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Lighting a Christmas Tree

  1. Dec 1, 2015 #1
    Got a question:

    I've got a Christmas tree that needs lights strung on it, but I want to know how to hang the lights so that the entire string is spaced evenly and it ends at the top with nothing left over.
    Christmas%20Tree%20Measurements_zps6jjegpyv.png
    I figure there's a formula to derive this, but I don't know what it may be.

    Any ideas?

    Thanx!
     
  2. jcsd
  3. Dec 1, 2015 #2
    Optimally, it'd be nice just to have a general set of formulas. Maybe I could just plug in the tree dimensions - basic cone - and could figure out, say, what the light string length should be to get a particular angle for each loop of lights, things like that.
     
  4. Dec 2, 2015 #3

    jbriggs444

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    It is not an easy problem. One difficulty is pinning down exactly what is meant by "spaced evenly". The picture above shows each loop of lights parallel to the one before and climbing the tree at the same angle. That is misleading. A little thought shows that either one condition or the other can apply. Not both. You can see that problem in action by looking through picture in #1 to imagine the angle made by the loops in the back. At the bottom of the tree, those hidden loops are nearly horizontal. At the top of the tree they are nearly vertical.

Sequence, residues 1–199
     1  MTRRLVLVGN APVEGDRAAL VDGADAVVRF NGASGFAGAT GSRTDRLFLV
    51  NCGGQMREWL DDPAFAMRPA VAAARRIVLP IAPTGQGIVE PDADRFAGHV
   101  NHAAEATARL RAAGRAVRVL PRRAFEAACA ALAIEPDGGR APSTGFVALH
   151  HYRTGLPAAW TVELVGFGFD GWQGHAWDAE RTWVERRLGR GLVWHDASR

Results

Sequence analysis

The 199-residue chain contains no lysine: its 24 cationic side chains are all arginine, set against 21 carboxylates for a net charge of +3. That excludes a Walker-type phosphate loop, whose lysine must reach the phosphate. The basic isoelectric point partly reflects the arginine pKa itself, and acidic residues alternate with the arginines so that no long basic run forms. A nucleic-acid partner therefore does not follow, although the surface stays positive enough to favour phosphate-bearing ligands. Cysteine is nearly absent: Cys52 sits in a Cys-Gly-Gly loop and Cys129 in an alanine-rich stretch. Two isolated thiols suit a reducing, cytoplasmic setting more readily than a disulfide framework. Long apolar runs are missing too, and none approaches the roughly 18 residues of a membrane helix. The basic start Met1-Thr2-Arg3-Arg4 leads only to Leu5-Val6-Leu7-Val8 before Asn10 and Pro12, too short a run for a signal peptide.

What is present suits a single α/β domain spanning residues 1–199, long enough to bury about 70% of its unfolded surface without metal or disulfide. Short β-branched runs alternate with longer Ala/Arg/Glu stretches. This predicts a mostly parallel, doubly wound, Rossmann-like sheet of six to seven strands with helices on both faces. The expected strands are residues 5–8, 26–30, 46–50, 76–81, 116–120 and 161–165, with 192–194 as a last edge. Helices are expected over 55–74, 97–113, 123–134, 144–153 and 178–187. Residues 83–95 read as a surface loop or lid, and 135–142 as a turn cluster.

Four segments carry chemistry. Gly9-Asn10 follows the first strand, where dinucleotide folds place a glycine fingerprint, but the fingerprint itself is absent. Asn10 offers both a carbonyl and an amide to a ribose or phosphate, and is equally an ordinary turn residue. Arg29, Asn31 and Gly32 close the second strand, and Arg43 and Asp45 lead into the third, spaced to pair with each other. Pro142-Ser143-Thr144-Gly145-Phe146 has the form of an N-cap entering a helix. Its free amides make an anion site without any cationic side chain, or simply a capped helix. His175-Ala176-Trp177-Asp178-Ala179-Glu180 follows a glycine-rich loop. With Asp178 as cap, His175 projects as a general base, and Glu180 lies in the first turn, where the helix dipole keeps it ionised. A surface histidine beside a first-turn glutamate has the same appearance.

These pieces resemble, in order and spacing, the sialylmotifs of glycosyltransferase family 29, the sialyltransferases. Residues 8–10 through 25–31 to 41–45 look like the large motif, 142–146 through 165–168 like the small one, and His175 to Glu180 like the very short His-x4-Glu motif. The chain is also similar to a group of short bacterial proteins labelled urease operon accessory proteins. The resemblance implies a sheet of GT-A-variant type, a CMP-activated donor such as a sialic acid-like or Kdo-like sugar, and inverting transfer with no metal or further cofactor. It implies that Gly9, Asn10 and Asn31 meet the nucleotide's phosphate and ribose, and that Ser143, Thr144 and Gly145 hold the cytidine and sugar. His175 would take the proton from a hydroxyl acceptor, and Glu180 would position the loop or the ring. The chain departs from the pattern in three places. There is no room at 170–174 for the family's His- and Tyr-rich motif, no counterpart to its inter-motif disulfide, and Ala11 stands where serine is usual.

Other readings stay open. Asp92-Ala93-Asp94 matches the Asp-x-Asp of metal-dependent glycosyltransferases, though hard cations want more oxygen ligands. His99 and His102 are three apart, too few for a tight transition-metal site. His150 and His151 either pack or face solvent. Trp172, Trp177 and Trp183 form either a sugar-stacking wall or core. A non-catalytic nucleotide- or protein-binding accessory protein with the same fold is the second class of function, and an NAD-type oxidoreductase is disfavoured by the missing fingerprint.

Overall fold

So we need to nail the problem down carefully. At the top of the tree for instance, does the string go nearly vertical? Must it stop short of the top of the tree so that it is not "too close" to itself on a path that goes around the tree horizontally?
     
  5. Dec 2, 2015 #4
    Well, the lines are not supposed to be taken literally. They were included just to graphically indicate the value being sought. Ideally, the angle of the lights would be equal regardless of from what direction the tree is being observed.

    I figure that if a cone is just a triangle rolled up, then the hypotenuse would be equal to the length of the string of lights and that there might be formulas to derive the dimensions I'm after. Something probably involving integrals or derivatives and my last calculus was in 1985, so I am woefully out of my depth

    Or, rather than a cone, how about a spiral?

    If a flexible wire, rigid enough to maintain its spiral, but flexible enough to be extended along the Z-axis, with the length of the wire when straight is the length of the light string and the radius of the spiral is the radius of the bottom of the tree, was grasped by the innermost end and that end lifted, lifting each loop of the spiral equally, to the height of the tree, might there be a way to derive the separation between each loop of the spiral? (yes, that sentence could probably use some periods)

    'Course, I may be visualizing it all wrong, but is what I'm looking for possible, if one only takes the graphic figuratively?
     
  6. Dec 2, 2015 #5

    jbriggs444

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    Science Advisor

    The problem is that constant separation and constant slope cannot both be attained. That's not a question of how it is drawn. That is a real physical problem.
     
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